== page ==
Tourism Saskatchewan

Economy

Agriculture and much more

Saskatchewan's economy is associated with agriculture; however, increasing diversification has meant that now agriculture, forestry, fishing, and hunting together make up only 6.8% of the province's GDP.

Saskatchewan grows 45% of Canada's grain. Wheat is the most familiar crop, and perhaps the one stereotypically associated with the province, but other grains like canola, flax, rye, oats, peas, lentils, canary seed, and barley are also produced. Beef cattle production in the province is only exceeded by Alberta. Mining is also a major industry in the province, with Saskatchewan being the world leader in potash exports. In the northern part of the province, forestry is significant.

Oil and natural gas production is also a very important part of Saskatchewan's economy, with only Alberta exceeding the province in overall production. Heavy crude is extracted in the Lloydminster-Kerrobert-Kindersley areas. Light crude is found in the Kindersley-Swift Current areas as well as the Weyburn-Estevan fields. Natural gas is found almost entirely in the western part of Saskatchewan, from the Primrose Lake area through Lloydminster, Unity, Kindersley, Leader, and around Maple Creek areas.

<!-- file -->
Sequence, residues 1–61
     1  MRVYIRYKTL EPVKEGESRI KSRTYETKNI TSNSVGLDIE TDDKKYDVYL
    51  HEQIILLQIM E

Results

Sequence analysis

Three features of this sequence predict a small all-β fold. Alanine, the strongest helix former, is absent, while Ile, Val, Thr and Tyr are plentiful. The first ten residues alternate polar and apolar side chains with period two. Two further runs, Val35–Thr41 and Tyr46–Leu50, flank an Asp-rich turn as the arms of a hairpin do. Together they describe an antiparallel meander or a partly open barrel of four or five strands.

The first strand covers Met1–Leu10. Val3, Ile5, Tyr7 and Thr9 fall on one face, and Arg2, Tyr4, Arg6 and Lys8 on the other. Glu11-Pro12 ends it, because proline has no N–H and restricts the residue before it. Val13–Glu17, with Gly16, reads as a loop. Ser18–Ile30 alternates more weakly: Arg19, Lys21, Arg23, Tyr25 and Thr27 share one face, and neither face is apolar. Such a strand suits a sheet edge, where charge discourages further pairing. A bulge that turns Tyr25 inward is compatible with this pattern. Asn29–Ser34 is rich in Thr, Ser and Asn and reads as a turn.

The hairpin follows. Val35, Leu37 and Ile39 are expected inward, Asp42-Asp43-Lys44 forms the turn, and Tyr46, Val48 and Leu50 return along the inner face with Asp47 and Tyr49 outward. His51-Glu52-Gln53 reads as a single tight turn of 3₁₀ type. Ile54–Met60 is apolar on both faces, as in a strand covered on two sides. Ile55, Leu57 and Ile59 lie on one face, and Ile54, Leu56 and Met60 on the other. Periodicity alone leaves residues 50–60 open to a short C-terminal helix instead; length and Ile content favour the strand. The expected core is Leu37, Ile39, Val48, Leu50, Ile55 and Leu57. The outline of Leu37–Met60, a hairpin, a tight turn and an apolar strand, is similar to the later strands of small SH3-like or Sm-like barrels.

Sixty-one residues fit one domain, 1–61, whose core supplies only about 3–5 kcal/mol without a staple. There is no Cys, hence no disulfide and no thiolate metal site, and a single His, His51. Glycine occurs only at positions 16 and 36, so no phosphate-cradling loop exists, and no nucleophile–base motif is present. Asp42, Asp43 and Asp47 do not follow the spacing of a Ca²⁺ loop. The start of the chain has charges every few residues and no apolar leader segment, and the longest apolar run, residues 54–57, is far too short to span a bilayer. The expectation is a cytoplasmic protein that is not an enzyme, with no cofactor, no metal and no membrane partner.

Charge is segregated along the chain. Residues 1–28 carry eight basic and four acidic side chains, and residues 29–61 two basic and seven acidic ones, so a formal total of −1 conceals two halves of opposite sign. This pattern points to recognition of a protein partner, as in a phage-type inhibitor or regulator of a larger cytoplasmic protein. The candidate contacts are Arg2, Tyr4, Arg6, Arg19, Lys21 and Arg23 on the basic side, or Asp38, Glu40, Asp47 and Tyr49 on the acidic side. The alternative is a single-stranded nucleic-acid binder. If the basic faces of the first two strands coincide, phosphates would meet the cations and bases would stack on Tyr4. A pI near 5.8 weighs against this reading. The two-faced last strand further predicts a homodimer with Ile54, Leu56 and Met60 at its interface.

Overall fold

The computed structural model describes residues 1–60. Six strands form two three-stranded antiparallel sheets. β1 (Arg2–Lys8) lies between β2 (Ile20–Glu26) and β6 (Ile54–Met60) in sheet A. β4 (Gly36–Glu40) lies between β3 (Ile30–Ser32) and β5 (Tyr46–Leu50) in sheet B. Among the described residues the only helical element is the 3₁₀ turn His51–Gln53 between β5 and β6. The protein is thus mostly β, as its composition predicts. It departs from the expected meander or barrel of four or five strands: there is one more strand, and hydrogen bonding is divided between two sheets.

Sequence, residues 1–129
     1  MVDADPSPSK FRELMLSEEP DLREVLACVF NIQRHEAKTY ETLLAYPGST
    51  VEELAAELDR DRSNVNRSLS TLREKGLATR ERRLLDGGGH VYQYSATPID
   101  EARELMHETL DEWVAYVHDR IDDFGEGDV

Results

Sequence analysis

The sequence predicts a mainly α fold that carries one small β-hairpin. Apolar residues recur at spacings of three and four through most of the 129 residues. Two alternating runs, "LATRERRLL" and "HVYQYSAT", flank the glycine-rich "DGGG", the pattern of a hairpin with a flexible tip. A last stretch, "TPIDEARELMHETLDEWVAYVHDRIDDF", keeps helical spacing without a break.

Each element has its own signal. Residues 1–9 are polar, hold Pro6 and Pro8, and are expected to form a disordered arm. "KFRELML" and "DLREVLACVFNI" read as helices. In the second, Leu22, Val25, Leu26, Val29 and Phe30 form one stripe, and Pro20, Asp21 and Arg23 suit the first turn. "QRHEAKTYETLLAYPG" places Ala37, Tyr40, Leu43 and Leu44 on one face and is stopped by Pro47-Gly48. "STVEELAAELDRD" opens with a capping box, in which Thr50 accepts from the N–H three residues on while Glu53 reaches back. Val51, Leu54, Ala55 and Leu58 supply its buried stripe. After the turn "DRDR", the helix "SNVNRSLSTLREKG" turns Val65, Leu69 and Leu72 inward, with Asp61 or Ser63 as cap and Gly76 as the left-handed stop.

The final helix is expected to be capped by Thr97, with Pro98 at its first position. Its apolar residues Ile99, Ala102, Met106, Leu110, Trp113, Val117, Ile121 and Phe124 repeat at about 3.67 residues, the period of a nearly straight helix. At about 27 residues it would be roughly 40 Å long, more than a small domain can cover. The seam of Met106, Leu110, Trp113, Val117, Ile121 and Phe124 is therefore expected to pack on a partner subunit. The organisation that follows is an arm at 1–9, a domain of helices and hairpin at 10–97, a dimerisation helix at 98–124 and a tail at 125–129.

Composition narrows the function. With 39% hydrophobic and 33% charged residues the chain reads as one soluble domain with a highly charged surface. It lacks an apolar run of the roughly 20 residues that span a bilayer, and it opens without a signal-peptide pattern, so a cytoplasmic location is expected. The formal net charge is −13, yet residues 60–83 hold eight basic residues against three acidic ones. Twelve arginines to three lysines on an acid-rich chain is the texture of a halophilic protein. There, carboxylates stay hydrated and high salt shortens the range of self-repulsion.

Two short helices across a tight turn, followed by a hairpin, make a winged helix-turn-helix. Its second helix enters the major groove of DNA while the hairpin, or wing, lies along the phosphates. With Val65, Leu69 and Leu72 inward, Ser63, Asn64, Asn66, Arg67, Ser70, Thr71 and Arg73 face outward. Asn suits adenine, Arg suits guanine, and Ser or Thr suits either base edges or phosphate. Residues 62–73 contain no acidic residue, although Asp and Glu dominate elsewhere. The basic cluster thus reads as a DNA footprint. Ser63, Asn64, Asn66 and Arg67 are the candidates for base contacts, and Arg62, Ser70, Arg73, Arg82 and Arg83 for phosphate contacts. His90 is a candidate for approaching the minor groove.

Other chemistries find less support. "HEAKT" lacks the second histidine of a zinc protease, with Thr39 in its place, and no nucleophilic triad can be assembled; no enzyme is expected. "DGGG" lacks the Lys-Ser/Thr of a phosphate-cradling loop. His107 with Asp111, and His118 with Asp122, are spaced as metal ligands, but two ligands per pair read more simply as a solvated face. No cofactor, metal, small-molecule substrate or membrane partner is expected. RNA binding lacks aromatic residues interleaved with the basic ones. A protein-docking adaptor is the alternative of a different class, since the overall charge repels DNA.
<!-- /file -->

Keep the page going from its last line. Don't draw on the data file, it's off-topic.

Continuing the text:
Saskatchewan is also the world's largest supplier of uranium, and supplies much of the western world.

For details about Saskatchewan's GDP, visit the Governement of Saskatchewan's website.

A list of the top 100 companies includes The Potash Corporation of Saskatchewan, Federated Cooperatives Ltd. and Evraz.

Crown corporations include major Saskatchewan-based entities are, Saskatchewan Government Insurance (SGI), SaskTel, SaskEnergy (the province's main supplier of natural gas), and SaskPower. Bombardier runs the NATO Flying Training Centre at 15 Wing, near Moose Jaw. Bombardier was awarded a long-term contract in the late 1990s for $2.8 billion from the federal government for the purchase of military aircraft and the running of the training facility.

This summary courtesy Wikipedia. For more information, visit the Encyclopedia of Saskatchewan.